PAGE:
The easiest way to change your diet is to “clean out your kitchen” by getting rid of all the foods you don’t want to eat anymore. That way when you reach for a snack you won’t end up grabbing a granola bar. Unfortunately for many of us, getting rid of all the processed food in our houses is not an option. Some of us have roommates, spouses and/or family members who aren’t willing or ready to give up their sandwich bread. Does this mean that making changes in your diet is impossible? Not at all! My husband does not follow the paleo diet. This doesn’t mean he isn’t supportive of the changes I have made for my health, but he simply is not going to give up all his favorite foods just because I no longer eat them. He often arrives at home with fresh baked bread and donuts. He puts sugar on his already sweet papaya and feels like a meal is not a meal without beans and rice. While I often wish that he would “jump on the bandwagon” with me, he is an adult and free to make his own decisions.
As most of you know, I follow the autoimmune protocol because I am recovering from severe Crohn’s disease. While many people are able to reintroduce some of the foods that are restricted during the initial phase of the autoimmune protocol, I have not been able to do so thus far. I do not eat: grains of any kind, nuts or seeds, eggs, nightshades, dairy, sugar or sweeteners, legumes, alcohol, or caffeine. The list that I just made could be repeated as a list of my husband’s favorite foods.
When I first started to follow the autoimmune protocol my husband thought that I was A) CRAZY and B) going to starve to death. I kind of agreed, but I was in so much pain that I was willing to try anything. As my symptoms improved my husband started to become more supportive of my diet and began to avoid bringing home some of the items that were hardest for me to keep my mouth off (like cheese). I have to admit, my first months on the autoimmune protocol were full of slip-ups which I now know were greatly hindering my healing process. I would sometimes use a “little bit of butter” and eat aged sheep cheese. I also pretended that eggs were OK and frequently made these delicious plantain pancakes. When I finally fully committed to the autoimmune protocol I realized that these little slip-ups were making a big difference in my health. Now I don’t bend the rules, even for my birthday. My health is worth much more than the ten seconds of joy that an irritating food might give me! Plus just thinking about the days of bloating, pain and discomfort that would ensue is enough to keep me away.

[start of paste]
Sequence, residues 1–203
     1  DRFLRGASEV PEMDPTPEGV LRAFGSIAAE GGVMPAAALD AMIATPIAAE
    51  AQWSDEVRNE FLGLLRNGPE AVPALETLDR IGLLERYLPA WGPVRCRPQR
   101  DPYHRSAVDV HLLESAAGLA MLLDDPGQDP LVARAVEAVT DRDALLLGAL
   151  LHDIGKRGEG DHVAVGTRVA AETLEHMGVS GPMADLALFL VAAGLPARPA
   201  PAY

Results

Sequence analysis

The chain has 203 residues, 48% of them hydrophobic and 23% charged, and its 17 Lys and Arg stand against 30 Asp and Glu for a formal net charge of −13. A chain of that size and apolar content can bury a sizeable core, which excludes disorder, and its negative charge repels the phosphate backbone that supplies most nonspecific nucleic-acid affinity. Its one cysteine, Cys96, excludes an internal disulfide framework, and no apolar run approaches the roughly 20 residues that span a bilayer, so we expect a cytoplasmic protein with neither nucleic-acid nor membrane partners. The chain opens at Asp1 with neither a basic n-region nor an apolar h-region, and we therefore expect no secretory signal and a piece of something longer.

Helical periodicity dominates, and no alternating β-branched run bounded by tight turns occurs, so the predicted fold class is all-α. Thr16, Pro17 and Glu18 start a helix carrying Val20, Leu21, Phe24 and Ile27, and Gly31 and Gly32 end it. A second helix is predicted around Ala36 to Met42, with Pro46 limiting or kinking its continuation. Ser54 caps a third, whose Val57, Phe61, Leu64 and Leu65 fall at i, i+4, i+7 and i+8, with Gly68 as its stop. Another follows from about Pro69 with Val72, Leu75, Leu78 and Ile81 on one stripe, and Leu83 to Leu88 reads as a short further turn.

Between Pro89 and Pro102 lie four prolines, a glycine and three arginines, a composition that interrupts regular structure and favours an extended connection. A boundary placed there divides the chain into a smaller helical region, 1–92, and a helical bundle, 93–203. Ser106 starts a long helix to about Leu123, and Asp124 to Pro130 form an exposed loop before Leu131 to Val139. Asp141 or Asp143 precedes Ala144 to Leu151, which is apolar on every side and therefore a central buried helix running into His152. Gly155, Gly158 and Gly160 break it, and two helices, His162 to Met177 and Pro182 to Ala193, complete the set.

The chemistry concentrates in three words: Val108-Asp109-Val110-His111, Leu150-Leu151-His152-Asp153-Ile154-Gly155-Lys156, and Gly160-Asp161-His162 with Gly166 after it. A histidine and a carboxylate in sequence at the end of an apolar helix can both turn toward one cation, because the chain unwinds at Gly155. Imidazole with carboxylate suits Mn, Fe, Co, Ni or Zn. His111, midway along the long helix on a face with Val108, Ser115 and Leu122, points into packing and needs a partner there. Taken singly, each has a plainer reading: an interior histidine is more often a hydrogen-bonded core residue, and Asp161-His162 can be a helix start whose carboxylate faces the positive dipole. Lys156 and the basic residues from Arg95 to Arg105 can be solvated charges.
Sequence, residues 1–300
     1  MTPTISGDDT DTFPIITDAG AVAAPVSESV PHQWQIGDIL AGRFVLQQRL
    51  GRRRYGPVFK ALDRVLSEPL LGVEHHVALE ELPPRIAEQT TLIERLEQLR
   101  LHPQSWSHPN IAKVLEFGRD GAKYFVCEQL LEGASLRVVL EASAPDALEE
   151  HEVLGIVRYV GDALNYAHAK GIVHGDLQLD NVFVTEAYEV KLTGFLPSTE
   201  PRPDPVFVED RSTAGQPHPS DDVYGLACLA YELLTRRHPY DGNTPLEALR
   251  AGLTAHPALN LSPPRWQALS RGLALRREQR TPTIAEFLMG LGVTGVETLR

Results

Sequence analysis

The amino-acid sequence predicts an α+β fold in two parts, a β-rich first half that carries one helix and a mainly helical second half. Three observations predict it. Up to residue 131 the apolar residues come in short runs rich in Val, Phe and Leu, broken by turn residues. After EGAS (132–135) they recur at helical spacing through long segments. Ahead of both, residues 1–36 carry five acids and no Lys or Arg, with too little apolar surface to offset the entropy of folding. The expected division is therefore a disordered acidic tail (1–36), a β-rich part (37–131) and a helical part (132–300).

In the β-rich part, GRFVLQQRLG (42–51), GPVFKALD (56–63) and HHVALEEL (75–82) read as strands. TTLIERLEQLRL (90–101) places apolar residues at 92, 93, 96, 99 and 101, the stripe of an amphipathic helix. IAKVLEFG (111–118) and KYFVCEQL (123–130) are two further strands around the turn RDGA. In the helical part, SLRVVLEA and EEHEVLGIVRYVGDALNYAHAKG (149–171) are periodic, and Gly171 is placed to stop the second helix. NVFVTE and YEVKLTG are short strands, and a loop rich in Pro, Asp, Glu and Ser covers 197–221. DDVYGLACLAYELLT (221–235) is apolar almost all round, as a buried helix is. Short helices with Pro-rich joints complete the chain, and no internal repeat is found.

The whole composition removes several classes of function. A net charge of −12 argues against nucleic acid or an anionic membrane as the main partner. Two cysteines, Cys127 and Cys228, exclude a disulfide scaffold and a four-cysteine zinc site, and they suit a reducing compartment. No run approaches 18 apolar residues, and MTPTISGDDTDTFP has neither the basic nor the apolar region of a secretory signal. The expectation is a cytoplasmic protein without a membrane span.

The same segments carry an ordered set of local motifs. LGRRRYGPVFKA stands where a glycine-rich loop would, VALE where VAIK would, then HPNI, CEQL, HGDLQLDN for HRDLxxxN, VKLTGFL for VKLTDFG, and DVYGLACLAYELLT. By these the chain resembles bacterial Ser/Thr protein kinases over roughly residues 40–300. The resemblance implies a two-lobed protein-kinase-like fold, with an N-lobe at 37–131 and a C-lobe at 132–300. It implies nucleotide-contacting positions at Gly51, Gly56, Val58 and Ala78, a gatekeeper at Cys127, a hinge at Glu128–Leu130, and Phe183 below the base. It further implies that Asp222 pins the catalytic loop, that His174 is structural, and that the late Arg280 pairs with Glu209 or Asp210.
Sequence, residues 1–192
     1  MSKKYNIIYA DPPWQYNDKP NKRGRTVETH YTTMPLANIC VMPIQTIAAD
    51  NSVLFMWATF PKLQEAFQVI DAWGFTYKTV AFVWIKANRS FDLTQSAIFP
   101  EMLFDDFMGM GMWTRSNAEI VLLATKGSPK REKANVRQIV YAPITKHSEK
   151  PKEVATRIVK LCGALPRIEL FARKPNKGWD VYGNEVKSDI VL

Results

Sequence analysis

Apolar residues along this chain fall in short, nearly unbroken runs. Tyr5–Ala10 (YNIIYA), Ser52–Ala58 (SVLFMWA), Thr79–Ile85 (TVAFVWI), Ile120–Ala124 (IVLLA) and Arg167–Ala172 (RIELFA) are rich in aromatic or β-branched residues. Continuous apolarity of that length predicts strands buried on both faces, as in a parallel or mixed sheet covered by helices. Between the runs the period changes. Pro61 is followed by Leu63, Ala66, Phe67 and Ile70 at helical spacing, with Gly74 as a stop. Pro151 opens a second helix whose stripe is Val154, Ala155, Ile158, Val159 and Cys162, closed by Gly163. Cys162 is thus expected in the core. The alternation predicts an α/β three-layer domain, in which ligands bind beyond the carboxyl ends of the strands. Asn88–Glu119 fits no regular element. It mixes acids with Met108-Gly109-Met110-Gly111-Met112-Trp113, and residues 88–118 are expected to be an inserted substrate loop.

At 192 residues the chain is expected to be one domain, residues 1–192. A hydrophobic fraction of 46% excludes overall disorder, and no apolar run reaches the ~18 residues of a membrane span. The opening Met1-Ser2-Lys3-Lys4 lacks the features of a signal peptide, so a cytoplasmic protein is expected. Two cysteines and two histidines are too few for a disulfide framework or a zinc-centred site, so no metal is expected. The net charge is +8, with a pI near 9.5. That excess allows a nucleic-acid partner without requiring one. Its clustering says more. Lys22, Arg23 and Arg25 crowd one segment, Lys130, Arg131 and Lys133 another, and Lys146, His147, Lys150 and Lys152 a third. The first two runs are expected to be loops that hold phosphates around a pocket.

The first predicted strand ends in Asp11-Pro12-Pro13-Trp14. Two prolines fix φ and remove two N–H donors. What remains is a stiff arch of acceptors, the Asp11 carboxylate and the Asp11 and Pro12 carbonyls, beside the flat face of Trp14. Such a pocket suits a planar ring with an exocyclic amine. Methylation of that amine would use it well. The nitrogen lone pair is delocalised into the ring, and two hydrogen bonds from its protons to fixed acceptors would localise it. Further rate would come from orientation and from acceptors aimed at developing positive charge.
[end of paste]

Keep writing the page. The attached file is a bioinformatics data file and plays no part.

As I have learned more about the value of eating a whole/real foods diet and the negative effects of eating processed food (especially gluten) I no longer see my diet as a means to an end (healing from my autoimmune disease) but rather something I enjoy doing to have a happier, healthier life in general. I have become so passionate about eating good food that I wish everyone would eat like I do! I truly believe that most of our problems (both physical and emotional) could be solved just by eating better. So what about my husband and his evil donuts? It is sometimes hard for me to watch him eat food that I know is unhealthy and damaging, but for the reasons outlined below I am not going to throw a tantrum about it.
My husband is an extremely healthy guy. He has never taken antibiotics (or any medication for that matter) and the only time he has seen the inside of a hospital was when I was staying there, and once when a dog bit his leg as a child. He is one of the lucky few who have naturally good digestion and meal etiquette (AKA he chews his food and therefore doesn’t need to do my July challenge). My husband was born and raised in a town in southern Brazil where food was not something that everyone had in abundance. He was taught to be grateful for the food he had and not picky about what he ate. Growing up he mostly ate rice, beans, and fruit from trees around the neighborhood. There was not a lot of extra money lying around to buy chips and pastries. I am willing to bet that his mostly “whole foods” diet and childhood spent playing soccer and marbles in the streets and chasing kites through the nearby fields, provided him with the strong constitution that allows him to get away with eating junk food as an adult (and not get sick or obese as a result).